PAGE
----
Fantastical Beasts of the Bible Part 1: What in the World are Unicorns Doing in the Bible?

If your preferred Bible translation is the King James, you can’t help but notice that the Bible refers to more than a couple of fantastical creatures that would today be considered mythological. Unicorns, behemoth, leviathan, dragons, satyrs, and cockatrices for example. Atheists and Bible skeptics have a field day with these examples, scoffing at anyone who could take a literary work seriously that speaks of these fairy tale creatures as if they are (or were) real.

Some Bible scholars who lean toward a much less literal reading of the Bible readily believe that these creatures are indeed mythological and are only mentioned symbolically, with Biblical authors employing a literary style in which they borrow mythological creatures from pagan cultures. This line of reasoning however, is not without its major issues. If you’d like to delve into the arguments for a mythological view versus a literal view, there is a section with an excellent description of both sides in the article Behemoth and Leviathan—Creatures of Controversy by Apologetics Press.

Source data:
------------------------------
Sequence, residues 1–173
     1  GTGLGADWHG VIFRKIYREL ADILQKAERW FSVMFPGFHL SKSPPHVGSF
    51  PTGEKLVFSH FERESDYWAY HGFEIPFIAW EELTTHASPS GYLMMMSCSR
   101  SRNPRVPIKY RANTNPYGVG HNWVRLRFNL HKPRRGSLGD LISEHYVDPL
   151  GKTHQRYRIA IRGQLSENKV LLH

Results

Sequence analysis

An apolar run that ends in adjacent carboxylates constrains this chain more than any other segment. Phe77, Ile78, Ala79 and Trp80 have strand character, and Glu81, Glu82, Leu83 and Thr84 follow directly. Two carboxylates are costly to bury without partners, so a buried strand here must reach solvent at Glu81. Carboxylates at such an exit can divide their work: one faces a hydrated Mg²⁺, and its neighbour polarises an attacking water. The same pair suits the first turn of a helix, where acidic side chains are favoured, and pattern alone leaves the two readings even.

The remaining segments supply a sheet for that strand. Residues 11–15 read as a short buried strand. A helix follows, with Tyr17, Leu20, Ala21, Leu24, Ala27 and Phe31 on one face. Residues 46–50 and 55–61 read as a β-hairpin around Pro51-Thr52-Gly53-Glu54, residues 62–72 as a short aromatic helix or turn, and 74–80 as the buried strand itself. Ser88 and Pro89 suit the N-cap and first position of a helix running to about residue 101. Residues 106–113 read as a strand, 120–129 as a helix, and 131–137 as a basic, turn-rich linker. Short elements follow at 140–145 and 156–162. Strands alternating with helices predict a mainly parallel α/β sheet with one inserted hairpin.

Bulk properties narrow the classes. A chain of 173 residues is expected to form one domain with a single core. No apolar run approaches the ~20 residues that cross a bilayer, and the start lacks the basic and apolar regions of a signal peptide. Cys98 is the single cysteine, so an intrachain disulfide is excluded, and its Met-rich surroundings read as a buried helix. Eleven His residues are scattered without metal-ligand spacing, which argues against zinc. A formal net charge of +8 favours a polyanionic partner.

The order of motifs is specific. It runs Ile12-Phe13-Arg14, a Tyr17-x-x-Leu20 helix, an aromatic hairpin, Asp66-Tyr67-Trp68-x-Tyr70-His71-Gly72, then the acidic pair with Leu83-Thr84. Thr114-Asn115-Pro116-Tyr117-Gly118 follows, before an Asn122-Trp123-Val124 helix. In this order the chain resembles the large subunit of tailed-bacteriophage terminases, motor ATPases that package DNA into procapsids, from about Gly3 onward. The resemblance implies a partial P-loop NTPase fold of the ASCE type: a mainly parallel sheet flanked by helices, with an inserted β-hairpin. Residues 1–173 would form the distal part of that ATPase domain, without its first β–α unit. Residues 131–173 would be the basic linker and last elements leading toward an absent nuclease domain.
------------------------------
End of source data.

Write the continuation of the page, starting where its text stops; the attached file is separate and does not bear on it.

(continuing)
As the famous scientist and theologian Henry Morris pointed out in his book The Biblical Basis for Modern Science, “The biblical writers mention at least 160 different specific animals by name, and always the descriptions seem quite accurate, except or these few…(the behemoth, dragons, etc.). The latter are apparently also intended by the writers as real animals, as real as the many others they describe accurately.”

Could there be a logical explanation?

In this series, we’ll look at the most debated fantastical beasts of the Bible and present a logical case for each that will enable you to debate any skeptic! Let’s start with unicorns…

Close your eyes and imagine you’re reading your King James Bible. You’re reading one of the 9 passages in your King James that mention a unicorn: Numbers 23:22, Numbers 24:8, Job 39:9, Job 39:10, Psalms 29:6, Psalms 92:10, Deuteronomy 33:17, Psalms 22:21, or Isaiah 34:7. When you read the word “unicorn”, what mental picture comes to your mind? A majestic white horse with a beautiful horn extending from its forehead…maybe even wings…usually in the company of rainbows, and sparkly glitter…delicious, sugary Starbucks frappuccinos? Maybe something like…this…